Friday, June 16
"Contrary to popular opinion," said Eger, "there are no sadistic motives behind how we set up a golf course for the U.S. Open. We want it to play fair. And we want it to play more or less the same all four days."
Eger tours the course the evening before each round, setting hole and tee locations for the next day. He sprays white paint to mark where the grounds crew will, later that night, cut the holes and place the tee markers.
Pin placements are made using a numerical system. Each green has several hole locations, usually in different parts of the green, which are ranked from one to four, with one being the most difficult. The sum of the 18 hole-ratings for one round is, ideally, 45. Last week the ratings were 47, 46, 43 and 44, respectively, on Thursday, Friday, Saturday and Sunday.
Eger, who won the USGA's Mid-Amateur championship in 1988, always takes a putter and three balls so he can make a few putts to be sure, as he says, "that the ball doesn't roll in any drastic manners near the hole. If it does, I need to move the hole a few feet to a flatter spot, but always in the same vicinity."
The 7th green, the par-3 Redan, has no flat locations. "This green will wreak havoc no matter where I put the hole," said Eger while surveying its wily slopes. "Today the pin was back left, the easiest spot, and [Hale] Irwin still putted it off the green. The only green in the country I've seen that's harder to find a fair pin position on is the par-4 13th at Pebble Beach."
Saturday, June 17
"There are two types of officials," according to the old adage, "those who've made mistakes and those who will." Trey Holland is definitely in the former category. At last year's Open at Oakmont, Holland made the most famous rulings mistake anyone can remember when he allowed the eventual winner, Ernie Els, to drop from behind a TV crane on the 1st hole on Sunday instead of having the crane moved.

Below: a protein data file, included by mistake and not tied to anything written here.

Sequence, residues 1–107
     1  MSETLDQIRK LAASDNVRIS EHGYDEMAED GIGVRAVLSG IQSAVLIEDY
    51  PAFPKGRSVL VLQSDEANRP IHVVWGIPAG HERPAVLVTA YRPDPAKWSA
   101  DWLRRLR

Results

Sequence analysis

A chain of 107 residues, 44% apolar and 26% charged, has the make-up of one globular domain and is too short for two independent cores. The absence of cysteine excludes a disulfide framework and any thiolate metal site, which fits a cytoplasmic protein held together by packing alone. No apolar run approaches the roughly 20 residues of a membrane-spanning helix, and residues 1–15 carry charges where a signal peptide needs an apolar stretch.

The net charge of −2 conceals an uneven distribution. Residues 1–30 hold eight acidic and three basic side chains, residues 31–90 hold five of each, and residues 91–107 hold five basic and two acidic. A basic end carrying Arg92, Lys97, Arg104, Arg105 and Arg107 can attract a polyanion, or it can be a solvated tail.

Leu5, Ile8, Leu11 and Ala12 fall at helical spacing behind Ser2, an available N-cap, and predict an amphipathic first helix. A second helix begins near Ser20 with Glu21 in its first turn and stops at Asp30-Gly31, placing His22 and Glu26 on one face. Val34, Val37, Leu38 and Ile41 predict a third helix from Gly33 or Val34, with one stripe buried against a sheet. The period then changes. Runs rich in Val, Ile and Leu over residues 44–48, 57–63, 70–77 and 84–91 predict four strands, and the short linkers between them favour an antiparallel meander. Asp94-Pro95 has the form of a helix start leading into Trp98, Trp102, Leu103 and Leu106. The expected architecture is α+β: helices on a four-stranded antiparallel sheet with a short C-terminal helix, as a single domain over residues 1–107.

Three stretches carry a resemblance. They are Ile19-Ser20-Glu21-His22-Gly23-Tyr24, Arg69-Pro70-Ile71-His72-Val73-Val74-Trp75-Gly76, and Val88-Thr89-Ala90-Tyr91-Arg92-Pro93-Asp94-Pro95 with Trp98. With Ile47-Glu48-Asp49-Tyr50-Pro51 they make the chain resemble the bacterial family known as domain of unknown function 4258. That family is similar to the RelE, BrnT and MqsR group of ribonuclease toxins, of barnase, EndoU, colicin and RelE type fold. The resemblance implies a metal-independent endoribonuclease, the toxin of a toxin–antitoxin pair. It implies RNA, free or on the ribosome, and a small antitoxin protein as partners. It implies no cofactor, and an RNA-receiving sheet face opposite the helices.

Holland, a 45-year-old urologist from Indiana who is the chairman of the USGA's rules committee, was blasted in the media, and he doesn't deny his blunder. "I picked a really bad time to make the mistake," he said as he set out to referee Saturday's final pair, Greg Norman and Jumbo Ozaki. "It made me sick to my stomach. It was a mistake, and I take responsibility."
Today Holland had two delicate situations. The first was on the 12th hole, when Ozaki's drive landed next to an anthill in the rough. Ozaki wanted to take a drop. But according to rule 23 in The Rules of Golf, an anthill is a loose impediment. Holland made the right call: He allowed Ozaki to remove the anthill but not to take a drop. "Jumbo was hoping it was a burrowing animal hole," said Holland after explaining the ruling to a Japanese reporter, who was following Ozaki during the round. "Then he would have gotten a drop."